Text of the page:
Volume 128, Issue 9 e2023JC019980
Research Article

Fiber-Optic Observations of Internal Waves and Tides

E. F. Williams

Corresponding Author

E. F. Williams

Seismological Laboratory, California Institute of Technology, Pasadena, CA, USA

Now at Department of Earth and Space Sciences, University of Washington, Seattle, WA, USA

Correspondence to:

E. F. Williams,

[email protected]

Contribution: Formal analysis, Data curation, Writing - original draft

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A. Ugalde

A. Ugalde

Institute of Marine Sciences, ICM-CSIC, Barcelona, Spain

Contribution: Formal analysis, Data curation, Writing - review & editing, Supervision

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H. F. Martins

H. F. Martins

Instituto de Optica, CSIC, Madrid, Spain

Contribution: Methodology, Formal analysis, Data curation, Writing - review & editing

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C. E. Becerril

C. E. Becerril

Department of Electronics, Polytechnic School, University of Alcalá, Alcalá de Henares, Spain

Université Côte d’Azur, CNRS, Observatoire de la Côte d’Azur, IRD, Géoazur, France

Contribution: Data curation, Writing - review & editing

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J. Callies

J. Callies

Environmental Science and Engineering, California Institute of Technology, Pasadena, CA, USA

Contribution: Writing - review & editing, Supervision

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M. Claret

M. Claret

Institute of Marine Sciences, ICM-CSIC, Barcelona, Spain

Contribution: Formal analysis, Writing - review & editing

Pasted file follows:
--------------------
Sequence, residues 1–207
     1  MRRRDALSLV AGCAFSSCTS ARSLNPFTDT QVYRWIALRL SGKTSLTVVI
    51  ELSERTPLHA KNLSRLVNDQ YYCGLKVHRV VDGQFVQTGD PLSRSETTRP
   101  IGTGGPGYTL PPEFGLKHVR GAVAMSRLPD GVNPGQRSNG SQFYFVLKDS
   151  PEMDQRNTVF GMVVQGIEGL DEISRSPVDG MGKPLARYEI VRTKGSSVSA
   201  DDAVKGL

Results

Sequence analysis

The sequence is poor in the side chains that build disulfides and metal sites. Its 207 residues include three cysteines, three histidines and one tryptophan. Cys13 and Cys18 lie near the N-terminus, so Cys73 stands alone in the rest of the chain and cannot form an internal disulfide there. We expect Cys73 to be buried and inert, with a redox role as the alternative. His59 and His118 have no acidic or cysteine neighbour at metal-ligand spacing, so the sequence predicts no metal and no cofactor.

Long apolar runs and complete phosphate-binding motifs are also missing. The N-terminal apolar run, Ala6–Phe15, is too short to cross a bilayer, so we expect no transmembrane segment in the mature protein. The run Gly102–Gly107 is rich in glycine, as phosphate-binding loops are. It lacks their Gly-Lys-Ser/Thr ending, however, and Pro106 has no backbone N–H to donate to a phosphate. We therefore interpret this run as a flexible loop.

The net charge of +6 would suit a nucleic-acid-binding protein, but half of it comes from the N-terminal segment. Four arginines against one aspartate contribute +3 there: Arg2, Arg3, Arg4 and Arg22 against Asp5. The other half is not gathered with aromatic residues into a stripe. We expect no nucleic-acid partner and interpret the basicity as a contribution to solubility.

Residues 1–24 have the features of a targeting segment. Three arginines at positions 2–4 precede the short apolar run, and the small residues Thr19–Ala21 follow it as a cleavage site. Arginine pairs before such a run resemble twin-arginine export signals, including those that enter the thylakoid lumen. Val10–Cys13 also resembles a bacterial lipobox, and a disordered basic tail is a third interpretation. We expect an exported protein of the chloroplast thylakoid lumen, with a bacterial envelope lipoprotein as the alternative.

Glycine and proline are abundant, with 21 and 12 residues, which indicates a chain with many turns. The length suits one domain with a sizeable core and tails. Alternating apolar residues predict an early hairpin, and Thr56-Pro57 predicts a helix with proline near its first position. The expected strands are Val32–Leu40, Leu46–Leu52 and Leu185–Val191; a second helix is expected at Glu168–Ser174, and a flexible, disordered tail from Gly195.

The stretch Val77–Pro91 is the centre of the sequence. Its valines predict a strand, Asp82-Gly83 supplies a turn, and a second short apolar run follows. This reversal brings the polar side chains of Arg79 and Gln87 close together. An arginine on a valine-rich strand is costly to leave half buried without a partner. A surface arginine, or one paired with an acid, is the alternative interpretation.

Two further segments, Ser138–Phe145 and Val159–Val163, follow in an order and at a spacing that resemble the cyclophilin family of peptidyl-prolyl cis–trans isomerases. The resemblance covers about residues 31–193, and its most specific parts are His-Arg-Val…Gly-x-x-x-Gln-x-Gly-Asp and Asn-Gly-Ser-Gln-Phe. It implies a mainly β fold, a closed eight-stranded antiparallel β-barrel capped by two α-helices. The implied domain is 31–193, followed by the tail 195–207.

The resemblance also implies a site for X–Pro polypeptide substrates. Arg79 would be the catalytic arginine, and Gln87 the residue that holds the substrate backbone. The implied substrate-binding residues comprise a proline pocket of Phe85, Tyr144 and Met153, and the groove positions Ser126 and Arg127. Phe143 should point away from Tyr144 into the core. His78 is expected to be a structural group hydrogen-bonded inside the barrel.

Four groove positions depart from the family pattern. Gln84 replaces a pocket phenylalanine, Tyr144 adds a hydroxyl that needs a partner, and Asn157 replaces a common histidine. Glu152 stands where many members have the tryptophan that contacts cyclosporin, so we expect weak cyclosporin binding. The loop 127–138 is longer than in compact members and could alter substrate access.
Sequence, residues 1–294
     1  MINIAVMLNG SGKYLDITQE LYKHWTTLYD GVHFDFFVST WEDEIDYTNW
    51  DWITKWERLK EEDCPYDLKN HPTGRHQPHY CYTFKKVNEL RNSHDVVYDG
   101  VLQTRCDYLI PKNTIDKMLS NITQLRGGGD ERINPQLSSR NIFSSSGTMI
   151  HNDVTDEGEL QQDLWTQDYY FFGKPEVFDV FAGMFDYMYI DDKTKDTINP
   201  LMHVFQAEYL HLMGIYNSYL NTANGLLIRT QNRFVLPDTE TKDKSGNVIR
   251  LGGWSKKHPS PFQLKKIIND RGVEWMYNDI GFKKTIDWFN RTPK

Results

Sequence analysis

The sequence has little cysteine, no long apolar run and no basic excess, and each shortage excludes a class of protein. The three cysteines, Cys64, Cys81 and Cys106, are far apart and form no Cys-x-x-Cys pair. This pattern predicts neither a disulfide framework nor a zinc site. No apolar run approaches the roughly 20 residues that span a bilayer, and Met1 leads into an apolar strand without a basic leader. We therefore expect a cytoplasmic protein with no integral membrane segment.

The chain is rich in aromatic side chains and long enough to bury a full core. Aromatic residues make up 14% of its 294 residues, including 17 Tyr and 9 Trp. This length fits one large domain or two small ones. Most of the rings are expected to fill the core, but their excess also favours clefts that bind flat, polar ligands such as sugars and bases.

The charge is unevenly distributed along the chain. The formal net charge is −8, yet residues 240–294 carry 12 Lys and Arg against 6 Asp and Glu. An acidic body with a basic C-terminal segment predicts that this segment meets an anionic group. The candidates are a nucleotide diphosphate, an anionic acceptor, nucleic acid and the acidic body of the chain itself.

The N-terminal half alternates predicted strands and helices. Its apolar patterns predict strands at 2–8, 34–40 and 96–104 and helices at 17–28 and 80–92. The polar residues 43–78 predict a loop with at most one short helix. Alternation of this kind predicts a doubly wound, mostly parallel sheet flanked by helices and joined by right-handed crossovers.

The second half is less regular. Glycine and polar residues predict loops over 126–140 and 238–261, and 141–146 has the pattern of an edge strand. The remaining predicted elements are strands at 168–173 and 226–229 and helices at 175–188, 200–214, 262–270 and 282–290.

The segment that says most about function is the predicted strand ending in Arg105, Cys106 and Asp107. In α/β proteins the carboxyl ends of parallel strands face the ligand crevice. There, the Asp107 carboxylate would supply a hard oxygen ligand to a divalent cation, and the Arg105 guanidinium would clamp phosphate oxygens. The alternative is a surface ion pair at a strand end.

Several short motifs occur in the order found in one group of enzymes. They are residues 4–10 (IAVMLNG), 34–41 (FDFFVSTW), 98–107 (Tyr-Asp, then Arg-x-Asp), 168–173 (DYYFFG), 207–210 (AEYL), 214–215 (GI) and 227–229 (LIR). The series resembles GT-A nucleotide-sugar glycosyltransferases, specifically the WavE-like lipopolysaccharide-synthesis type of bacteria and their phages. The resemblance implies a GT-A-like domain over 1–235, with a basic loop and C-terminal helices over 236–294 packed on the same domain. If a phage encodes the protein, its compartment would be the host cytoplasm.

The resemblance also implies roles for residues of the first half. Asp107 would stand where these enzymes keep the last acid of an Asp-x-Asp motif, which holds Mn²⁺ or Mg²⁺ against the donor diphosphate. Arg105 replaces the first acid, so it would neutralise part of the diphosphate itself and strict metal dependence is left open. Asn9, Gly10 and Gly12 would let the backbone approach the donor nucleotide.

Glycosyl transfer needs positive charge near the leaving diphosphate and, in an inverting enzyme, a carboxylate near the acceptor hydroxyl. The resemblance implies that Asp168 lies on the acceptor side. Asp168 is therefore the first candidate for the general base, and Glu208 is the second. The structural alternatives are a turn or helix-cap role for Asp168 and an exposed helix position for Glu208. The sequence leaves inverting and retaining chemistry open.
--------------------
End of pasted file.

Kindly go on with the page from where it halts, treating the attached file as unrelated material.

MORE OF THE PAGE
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M. R. Fernandez-Ruiz

M. R. Fernandez-Ruiz

Department of Electronics, Polytechnic School, University of Alcalá, Alcalá de Henares, Spain

Contribution: Methodology, Writing - review & editing

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M. Gonzalez-Herraez

M. Gonzalez-Herraez

Department of Electronics, Polytechnic School, University of Alcalá, Alcalá de Henares, Spain

Contribution: Methodology, Writing - review & editing, Supervision

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S. Martin-Lopez

S. Martin-Lopez

Department of Electronics, Polytechnic School, University of Alcalá, Alcalá de Henares, Spain

Contribution: Methodology, Writing - review & editing, Supervision

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J. L. Pelegri

J. L. Pelegri

Institute of Marine Sciences, ICM-CSIC, Barcelona, Spain

Contribution: Writing - review & editing, Supervision

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K. B. Winters

K. B. Winters

Scripps Institution of Oceanography, University of California, San Diego, La Jolla, CA, USA

Contribution: Software, Writing - review & editing, Supervision

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Z. Zhan

Z. Zhan

Seismological Laboratory, California Institute of Technology, Pasadena, CA, USA

Contribution: Writing - review & editing, Supervision